The treatment goals for CTEPH patients have not been clarified, and the current standard still relies on hemodynamic parameters [4]. In the present study, patients with mPAP ≤ 30 mmHg or those showing PVR decrease by ≥ 30% were considered as responders. At present, there is no widely accepted method to predict the efficacy of BPA [30]. Most experts accept that RV function is a major determinant of prognosis in patients with CTEPH [1]. Similarly, in univariable logistic regression analysis, functional markers, rather than hemodynamic parameters, showed the strongest association with BPA outcomes. In multivariable logistic regression analysis, we observed a stronger correlation between RVFWLS at baseline and outcomes of BPA. RVFWLS is a reliable marker of right ventricular systolic function. In our study, responders had a higher RVFWLS than non-responders, even though the hemodynamic parameters were comparable at baseline. This indicated that the level of RVFWLS at baseline influenced the outcomes of BPA and RVFWLS ≥ 12% was the best predictor of BPA responders. Our previous study with a small sample size also yielded consistent findings: baseline RVFWLS > 12.2% was found to predict outcomes of BPA [31].

In a previous study, the diameter of the main pulmonary artery obtained by CT was found to predict the therapeutic effect of BPA in patients with CTEPH [32]. We did not observe this phenomenon in our study. This may be attributed to the use of different assessment techniques and different effect variables. WHO FC and 6MWD both showed significance in the univariable logistic regression analysis. The fact that these are not highly objective measures explains the lack of significant association observed in multivariate regression analysis [32]. TAPSE has its limitations as it only partially reflects the RV function [20]. RVGLS is affected by left ventricular function because of the common interventricular septum. An interesting observation was the lack of correlation between baseline hemodynamic parameters and post-BPA outcomes, which is similar to a previous study that used the same criteria to define BPA results [12]. Further studies are required to understand the mechanism.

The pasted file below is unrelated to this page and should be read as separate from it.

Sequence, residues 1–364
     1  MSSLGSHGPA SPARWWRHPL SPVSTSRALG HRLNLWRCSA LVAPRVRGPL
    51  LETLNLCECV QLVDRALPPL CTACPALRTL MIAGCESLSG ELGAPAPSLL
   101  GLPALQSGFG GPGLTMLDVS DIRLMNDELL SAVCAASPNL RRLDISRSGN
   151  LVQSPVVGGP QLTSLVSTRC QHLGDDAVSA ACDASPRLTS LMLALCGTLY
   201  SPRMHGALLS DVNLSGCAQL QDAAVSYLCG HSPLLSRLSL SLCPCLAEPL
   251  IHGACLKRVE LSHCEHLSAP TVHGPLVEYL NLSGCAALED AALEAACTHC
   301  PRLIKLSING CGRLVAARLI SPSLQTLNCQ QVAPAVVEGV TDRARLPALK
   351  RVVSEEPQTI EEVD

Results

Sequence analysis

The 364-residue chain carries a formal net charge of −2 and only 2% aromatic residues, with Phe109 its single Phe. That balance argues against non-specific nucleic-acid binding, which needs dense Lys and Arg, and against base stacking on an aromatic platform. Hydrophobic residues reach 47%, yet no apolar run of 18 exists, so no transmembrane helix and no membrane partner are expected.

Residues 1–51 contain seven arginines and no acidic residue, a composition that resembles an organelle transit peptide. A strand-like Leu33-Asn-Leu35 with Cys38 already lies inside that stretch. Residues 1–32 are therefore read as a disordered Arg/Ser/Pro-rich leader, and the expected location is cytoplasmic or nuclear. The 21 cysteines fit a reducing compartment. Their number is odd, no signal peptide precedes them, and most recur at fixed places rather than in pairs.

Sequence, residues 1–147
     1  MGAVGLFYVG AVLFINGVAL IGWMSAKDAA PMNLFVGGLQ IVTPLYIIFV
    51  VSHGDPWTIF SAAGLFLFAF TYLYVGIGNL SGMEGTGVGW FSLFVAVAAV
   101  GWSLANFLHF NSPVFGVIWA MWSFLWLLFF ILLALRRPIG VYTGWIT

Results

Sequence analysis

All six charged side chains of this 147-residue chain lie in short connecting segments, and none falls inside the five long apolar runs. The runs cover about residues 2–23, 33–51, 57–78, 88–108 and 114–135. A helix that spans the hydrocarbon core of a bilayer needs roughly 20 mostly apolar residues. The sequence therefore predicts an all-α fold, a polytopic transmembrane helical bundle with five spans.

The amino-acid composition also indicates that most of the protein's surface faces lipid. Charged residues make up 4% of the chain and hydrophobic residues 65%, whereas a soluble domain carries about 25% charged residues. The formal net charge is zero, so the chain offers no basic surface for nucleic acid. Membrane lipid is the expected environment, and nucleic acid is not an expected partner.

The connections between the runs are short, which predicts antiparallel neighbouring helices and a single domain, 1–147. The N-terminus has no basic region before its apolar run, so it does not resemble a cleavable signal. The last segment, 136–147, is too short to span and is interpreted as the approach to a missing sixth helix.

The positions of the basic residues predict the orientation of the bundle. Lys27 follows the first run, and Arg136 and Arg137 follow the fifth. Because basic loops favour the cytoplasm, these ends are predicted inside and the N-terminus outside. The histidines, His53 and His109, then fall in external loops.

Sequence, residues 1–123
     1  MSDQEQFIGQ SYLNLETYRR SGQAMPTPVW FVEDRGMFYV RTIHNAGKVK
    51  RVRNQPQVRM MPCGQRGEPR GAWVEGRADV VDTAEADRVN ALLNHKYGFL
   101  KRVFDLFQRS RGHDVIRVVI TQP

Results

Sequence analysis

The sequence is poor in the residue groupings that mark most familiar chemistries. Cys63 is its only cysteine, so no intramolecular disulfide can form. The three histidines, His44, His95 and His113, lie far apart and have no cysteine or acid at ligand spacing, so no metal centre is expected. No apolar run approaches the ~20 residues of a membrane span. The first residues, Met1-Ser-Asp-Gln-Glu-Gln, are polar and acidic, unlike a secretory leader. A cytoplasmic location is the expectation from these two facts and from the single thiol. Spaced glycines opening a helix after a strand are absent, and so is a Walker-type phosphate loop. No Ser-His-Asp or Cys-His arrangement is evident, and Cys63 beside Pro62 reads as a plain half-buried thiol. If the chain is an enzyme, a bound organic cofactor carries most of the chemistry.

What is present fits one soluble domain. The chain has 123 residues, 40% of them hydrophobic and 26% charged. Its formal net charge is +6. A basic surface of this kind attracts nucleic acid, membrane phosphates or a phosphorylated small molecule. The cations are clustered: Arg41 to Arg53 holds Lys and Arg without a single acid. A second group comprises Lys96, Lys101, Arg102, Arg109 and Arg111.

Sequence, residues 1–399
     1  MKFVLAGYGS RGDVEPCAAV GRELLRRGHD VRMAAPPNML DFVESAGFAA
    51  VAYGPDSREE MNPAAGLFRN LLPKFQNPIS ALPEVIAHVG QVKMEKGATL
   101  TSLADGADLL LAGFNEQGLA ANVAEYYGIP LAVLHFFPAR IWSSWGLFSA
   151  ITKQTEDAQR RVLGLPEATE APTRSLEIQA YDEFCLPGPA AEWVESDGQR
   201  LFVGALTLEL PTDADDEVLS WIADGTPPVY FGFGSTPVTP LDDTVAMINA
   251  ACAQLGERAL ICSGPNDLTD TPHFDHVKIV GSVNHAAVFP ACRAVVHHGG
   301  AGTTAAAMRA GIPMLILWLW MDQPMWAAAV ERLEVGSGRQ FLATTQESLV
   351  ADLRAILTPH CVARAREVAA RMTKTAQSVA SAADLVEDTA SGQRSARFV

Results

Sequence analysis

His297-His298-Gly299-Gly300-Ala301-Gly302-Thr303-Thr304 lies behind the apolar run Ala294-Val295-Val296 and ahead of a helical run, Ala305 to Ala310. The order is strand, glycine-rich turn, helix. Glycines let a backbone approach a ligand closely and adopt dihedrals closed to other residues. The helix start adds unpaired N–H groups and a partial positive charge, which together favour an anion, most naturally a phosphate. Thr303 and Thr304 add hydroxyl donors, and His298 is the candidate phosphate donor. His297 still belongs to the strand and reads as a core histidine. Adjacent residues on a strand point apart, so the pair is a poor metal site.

Despite the high diagnostic value of RHC for PH, it is not suitable for frequent use due to its invasive nature and high cost. Therefore, a readily available technique for routine monitoring of the prognosis of patients with CTEPH can provide distinct leverage in clinical settings. RVFWLS obtained by 2D-STE has been used to assess RV function; therefore, strain echocardiography can be used to predict the outcomes of BPA in patients with CTEPH to a certain extent [11]. BPA has a promising effect in CTEPH patients, but there is currently no established consensus on the indications for BPA [12]. The conclusions from this study can help optimize clinical strategies for screening candidates for BPA because patients with RVFWLS ≥ 12% were found to be suitable candidates for BPA. We do not consider that RVFWLS < 12% is a contraindication for BPA, but rather that an individualized treatment plan should be formed for these patients after careful evaluation.